Burkina Faso–United States relations
Burkina Faso–United States relations are the international relations between Burkina Faso and the United States. The relations are good but subject to strains in the past because of the Compaoré government's past involvement in arms trading and other sanctions-breaking activity.
According to the 2012 U.S. Global Leadership Report, 82% of Burkinese people approve of U.S. leadership, with 17% disapproving and 1% uncertain, the third-highest rating of the U.S. for any surveyed country in Africa.1
In addition to regional peace and stability, U.S. interests in Burkina are to promote continued democratization and greater respect for human rights and to encourage sustainable economic development. Although the Agency for International Development (USAID) closed its office in Ouagadougou in 1995, in late May 2013 it sent a representative to re-open an Office under its Mission in Senegal. Under a combination of regional and bilateral aid programs, USAID provides approximately $50 million annually to Burkina's development through non-governmental and regional organizations. The largest is a Food for Peace school lunch program administered by Catholic Relief Services. Burkina has been the site of several development success stories. U.S. leadership in building food security in the Sahel after the 1968-74 drought has been successful in virtually eliminating famine, despite recurrent drought years. River blindness has been eliminated from the region. In both cases, the U.S. was the main donor to inter-African organizations headquartered in Ouagadougou which through sustained efforts have achieved and consolidated these gains. In 2005, Burkina Faso and the Millennium Challenge Corporation (MCC) signed a $12 million Threshold Country Program to build schools and increase girls' enrollment rates. In November 2005, the Millennium Challenge Corporation selected Burkina Faso as eligible to submit a proposal for Millennium Challenge Account assistance for fiscal year 2006, making it one of only two countries eligible for threshold as well as compact funding. The Government of Burkina Faso is working closely with MCC staff to finalize its compact submission.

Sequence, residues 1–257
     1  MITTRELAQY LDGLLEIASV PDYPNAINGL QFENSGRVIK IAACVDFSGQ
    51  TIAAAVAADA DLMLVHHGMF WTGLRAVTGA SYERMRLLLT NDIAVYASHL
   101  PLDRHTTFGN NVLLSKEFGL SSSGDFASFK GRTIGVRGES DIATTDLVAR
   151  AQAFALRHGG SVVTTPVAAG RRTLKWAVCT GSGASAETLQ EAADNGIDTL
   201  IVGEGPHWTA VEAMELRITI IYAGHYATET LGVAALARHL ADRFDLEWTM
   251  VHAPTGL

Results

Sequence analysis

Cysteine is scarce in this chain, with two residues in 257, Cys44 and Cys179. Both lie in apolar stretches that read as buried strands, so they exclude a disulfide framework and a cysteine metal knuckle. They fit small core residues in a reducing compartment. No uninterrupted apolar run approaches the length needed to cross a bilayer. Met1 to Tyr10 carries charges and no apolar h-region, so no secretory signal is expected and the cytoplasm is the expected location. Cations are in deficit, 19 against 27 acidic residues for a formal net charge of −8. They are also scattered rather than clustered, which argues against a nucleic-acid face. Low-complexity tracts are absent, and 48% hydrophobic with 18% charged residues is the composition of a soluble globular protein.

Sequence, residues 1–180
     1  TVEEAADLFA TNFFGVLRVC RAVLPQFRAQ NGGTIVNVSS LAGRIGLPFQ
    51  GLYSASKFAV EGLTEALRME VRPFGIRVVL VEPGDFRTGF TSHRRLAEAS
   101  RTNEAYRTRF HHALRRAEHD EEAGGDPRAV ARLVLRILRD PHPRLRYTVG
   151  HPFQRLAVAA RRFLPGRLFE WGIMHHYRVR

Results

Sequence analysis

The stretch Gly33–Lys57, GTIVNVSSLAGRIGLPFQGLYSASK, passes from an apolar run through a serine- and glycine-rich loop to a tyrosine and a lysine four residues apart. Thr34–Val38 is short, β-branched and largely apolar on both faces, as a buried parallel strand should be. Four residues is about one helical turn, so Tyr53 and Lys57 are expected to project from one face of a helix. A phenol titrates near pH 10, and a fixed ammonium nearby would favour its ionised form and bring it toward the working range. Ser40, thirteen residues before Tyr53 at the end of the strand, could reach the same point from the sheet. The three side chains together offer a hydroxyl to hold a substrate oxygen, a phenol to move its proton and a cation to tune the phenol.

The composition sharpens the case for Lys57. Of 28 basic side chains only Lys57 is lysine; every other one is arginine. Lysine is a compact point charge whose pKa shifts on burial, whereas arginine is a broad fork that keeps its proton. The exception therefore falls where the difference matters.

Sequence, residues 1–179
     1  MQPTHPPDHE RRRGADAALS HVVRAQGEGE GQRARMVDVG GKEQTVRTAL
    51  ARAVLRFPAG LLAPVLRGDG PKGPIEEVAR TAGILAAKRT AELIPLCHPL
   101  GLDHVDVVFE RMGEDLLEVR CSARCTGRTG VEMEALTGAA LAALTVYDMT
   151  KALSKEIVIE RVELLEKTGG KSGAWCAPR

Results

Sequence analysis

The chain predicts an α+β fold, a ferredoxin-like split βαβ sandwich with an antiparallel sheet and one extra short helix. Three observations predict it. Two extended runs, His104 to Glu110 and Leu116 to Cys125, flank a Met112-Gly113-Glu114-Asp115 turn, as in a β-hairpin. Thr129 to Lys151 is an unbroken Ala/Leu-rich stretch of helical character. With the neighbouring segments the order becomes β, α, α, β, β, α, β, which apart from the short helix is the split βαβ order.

The Peace Corps entered Burkina Faso in 1966. The Peace Corps program was phased out in 1987, but was invited to return to Burkina Faso in 1995 as part of a newly established health project. One year later, the Peace Corps established a secondary education project and in 2003, Peace Corps introduced a small enterprise development project to complement the government's poverty reduction and private sector promotional programs. In 2005, the Government of Burkina Faso asked for assistance to increase the level of girls' access to education, which later became the focus of the Millennium Challenge Corporation's Threshold Compact with Burkina Faso. All Peace Corps Volunteers, regardless of sector, are trained in how to promote awareness on HIV/AIDS and Gender and Development.
U.S. trade with Burkina is still extremely limited — $220 million in U.S. exports and $600,000 in Burkinabe exports to the U.S. in 2004 — but investment possibilities exist, especially in the mining and communications sectors.
- Ambassador — Thomas Dougherty
- Deputy Chief of Mission — Steven Koutsis
- USAID Representative — James C. Parys
The U.S. Embassy in Burkina Faso is located in Ouagadougou.
Media related to Burkina Faso – United States relations at Wikimedia Commons